If you don’t go to suspicious sites, malware can’t get you — right? Well, no. Unfortunately, even those who do not open unreliable e-mail attachments, avoid porn sites, and do not install apps from unofficial stores are not well-enough protected.
New developments suggest that malware can be found even on an absolutely legitimate site, as 318,000 thousand Android users found out when their Android devices were attacked by the Svpeng.q banking Trojan from Google AdSense advertisements.
Google AdSense is the biggest ad network in the world, so a lot of criminals dream about finding a way to use the network to spread their malicious programs worldwide. The creators of Svpeng.q managed to do it.
Banners posted by criminals launched automatic downloads of the Svpeng.q installation package with the help of a obfuscated script. Usually, Chrome browser warns users when a potentially dangerous file is downloaded, so the criminals used a special function to make device download the Trojan in parts, so it managed to slip unnoticed.
The script was set up to act only when it was launched on devices with a touch screen and only on the Chrome browser. That’s how criminals narrowed the target audience to users of Android tablets and smartphones — because Svpeng.q Trojan was written for Android.
Disassembling a #mobile #banking #Trojan attack – https://t.co/plcDumMXlu #infosec pic.twitter.com/BCgAiGSp22
— Kaspersky Lab (@kaspersky) November 7, 2016
You can read more about Svpeng.q in the detailed report published on Securelist. Long story short, it’s not that different from other banking Trojans; its main function is to overlay interfaces of mobile banks with fake ones, copy credit card data, and send the data to criminals. They in turn use it to steal victims’ money.
We reported our findings to Google, and developers made a patch that fixed the hole in Google Chrome that let the Trojan bypass security notification.
It’s noteworthy that if you download Svpeng, you won’t get infected immediately. You need to install it, and so the Trojan does its best to deceive: For example, the installation file may have a name like Android_update_6.apk or Instagram.apk, among others. This tactic seems to work well for cybercriminals.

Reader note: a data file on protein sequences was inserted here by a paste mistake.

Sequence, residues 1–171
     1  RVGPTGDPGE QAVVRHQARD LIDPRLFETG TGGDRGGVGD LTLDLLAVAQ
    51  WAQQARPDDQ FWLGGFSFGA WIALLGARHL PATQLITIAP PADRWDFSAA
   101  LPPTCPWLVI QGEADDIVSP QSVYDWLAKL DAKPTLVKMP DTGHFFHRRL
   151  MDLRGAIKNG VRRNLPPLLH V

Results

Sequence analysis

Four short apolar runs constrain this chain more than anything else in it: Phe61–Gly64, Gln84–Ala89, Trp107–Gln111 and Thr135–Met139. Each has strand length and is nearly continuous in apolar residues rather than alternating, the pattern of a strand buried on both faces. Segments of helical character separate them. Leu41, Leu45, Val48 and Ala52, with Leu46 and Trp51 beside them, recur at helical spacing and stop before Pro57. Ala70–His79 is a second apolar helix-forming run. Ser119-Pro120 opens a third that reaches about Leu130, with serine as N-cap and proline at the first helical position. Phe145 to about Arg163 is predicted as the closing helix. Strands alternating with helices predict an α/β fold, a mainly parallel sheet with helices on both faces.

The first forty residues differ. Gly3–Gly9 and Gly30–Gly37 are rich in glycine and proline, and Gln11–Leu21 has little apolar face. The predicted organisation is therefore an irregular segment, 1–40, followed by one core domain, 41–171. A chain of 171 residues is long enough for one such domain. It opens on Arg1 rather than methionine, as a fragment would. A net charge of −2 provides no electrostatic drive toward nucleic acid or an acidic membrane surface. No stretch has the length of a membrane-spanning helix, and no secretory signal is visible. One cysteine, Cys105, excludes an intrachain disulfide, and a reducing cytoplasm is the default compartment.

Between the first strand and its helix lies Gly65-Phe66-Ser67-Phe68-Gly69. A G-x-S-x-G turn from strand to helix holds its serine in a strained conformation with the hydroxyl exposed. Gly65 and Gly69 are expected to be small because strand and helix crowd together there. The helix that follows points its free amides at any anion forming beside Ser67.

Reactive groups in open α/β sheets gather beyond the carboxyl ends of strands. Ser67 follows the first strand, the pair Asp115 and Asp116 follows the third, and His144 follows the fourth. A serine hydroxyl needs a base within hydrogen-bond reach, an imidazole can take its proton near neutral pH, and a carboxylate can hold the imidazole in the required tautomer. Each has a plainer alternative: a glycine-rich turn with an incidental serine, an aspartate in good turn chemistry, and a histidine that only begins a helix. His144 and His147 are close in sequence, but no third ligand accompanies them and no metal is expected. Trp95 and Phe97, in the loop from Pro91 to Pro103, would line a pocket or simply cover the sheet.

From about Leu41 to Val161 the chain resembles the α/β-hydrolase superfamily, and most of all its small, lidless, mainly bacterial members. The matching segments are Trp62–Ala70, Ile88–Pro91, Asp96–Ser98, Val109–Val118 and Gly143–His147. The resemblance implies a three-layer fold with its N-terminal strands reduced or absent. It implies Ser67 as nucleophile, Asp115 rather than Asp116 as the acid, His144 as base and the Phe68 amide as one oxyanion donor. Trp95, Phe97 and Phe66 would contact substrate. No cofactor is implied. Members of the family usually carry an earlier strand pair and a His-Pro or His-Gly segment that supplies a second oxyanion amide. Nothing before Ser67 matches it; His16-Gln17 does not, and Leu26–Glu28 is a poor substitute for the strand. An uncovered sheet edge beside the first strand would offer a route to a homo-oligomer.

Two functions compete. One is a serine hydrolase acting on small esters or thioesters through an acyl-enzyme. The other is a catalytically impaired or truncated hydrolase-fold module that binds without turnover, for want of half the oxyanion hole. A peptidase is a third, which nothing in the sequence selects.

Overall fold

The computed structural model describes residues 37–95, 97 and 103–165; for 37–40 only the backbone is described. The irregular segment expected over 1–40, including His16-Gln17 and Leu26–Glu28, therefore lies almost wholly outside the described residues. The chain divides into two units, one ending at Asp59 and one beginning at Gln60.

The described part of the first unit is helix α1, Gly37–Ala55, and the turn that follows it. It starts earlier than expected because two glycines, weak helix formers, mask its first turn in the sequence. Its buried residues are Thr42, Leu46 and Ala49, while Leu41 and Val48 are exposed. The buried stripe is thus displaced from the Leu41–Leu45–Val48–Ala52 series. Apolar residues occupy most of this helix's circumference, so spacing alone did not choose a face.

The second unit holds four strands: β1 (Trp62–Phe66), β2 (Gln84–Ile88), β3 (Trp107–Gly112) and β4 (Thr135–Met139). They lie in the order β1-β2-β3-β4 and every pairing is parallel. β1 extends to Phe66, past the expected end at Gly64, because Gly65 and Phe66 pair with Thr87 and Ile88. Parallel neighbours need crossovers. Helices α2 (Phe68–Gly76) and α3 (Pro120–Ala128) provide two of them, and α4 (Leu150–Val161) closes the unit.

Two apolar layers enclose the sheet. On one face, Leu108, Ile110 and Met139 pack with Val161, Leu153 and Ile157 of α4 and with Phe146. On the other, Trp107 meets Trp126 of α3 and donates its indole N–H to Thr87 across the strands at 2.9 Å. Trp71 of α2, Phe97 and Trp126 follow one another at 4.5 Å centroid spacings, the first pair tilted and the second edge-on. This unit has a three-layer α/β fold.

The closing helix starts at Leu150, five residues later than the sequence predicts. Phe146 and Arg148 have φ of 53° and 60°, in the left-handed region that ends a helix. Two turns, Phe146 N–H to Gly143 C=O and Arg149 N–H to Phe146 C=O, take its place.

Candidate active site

#Malvertising is an ambiguous term referring to malicious online ads, fraudulent & legal alike. Learn more! http://t.co/atD0f6ygtJ
— Kaspersky Lab (@kaspersky) September 5, 2014
How to protect yourself from Trojans hiding in ads
Even legitimate sites can unwittingly put you at risk. To protect yourself, follow these guidelines:
1. Never open files if you are not sure how they got to your device. Just because a file is called android_update.apk doesn’t mean that it contains a system update. You can find out if the system has a legitimate update by checking Device Information under Settings.
2. Don’t allow the installation of apps from third-party stores. Every Android gadget includes this setting. That way, even if you mistakenly approve installation of such a pseudo-update, the system will stop it.
3. Install real updates as they become available. In addition, update Google Chrome on all of your Android devices as soon as it’s possible. Updating is quick, and it could save you time, hassle, and even money.
4. Use antivirus protection on all devices. In cases like this one, a real-time security solution can protect the user — unlike an on-demand antivirus scanner, which must be launched manually. Svpeng knows how to “kill” the processes of popular security solutions, so the scanners just won’t launch. On the contrary, the paid version of Kaspersky Antivirus & Security for Android detects Svpeng as Trojan.Banker.Androidos.Svpeng.Q — and blocks it easily.